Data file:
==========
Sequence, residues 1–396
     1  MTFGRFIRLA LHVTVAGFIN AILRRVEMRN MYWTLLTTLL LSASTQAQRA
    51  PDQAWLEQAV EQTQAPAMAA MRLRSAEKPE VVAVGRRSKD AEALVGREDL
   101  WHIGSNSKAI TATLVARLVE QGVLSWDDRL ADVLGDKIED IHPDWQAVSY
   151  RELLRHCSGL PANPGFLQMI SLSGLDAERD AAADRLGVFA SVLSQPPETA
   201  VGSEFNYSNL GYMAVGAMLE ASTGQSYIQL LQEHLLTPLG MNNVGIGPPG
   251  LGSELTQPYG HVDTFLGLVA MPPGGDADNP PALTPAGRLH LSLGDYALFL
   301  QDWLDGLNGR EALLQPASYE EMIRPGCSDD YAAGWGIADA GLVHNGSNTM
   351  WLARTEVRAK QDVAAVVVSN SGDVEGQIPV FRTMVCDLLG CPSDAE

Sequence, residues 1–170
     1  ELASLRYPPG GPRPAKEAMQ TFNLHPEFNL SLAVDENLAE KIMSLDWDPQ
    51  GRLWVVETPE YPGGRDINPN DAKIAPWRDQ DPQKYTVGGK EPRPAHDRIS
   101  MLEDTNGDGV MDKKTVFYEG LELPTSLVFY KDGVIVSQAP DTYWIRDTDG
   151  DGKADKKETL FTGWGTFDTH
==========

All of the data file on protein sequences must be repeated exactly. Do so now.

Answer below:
Sequence, residues 1–396
     1  MTFGRFIRLA LHVTVAGFIN AILRRVEMRN MYWTLLTTLL LSASTQAQRA
    51  PDQAWLEQAV EQTQAPAMAA MRLRSAEKPE VVAVGRRSKD AEALVGREDL
   101  WHIGSNSKAI TATLVARLVE QGVLSWDDRL ADVLGDKIED IHPDWQAVSY
   151  RELLRHCSGL PANPGFLQMI SLSGLDAERD AAADRLGVFA SVLSQPPETA
   201  VGSEFNYSNL GYMAVGAMLE ASTGQSYIQL LQEHLLTPLG MNNVGIGPPG
   251  LGSELTQPYG HVDTFLGLVA MPPGGDADNP PALTPAGRLH LSLGDYALFL
   301  QDWLDGLNGR EALLQPASYE EMIRPGCSDD YAAGWGIADA GLVHNGSNTM
   351  WLARTEVRAK QDVAAVVVSN SGDVEGQIPV FRTMVCDLLG CPSDAE

Sequence, residues 1–170
     1  ELASLRYPPG GPRPAKEAMQ TFNLHPEFNL SLAVDENLAE KIMSLDWDPQ
    51  GRLWVVETPE YPGGRDINPN DAKIAPWRDQ DPQKYTVGGK EPRPAHDRIS
   101  MLEDTNGDGV MDKKTVFYEG LELPTSLVFY KDGVIVSQAP DTYWIRDTDG
   151  DGKADKKETL FTGWGTFDTH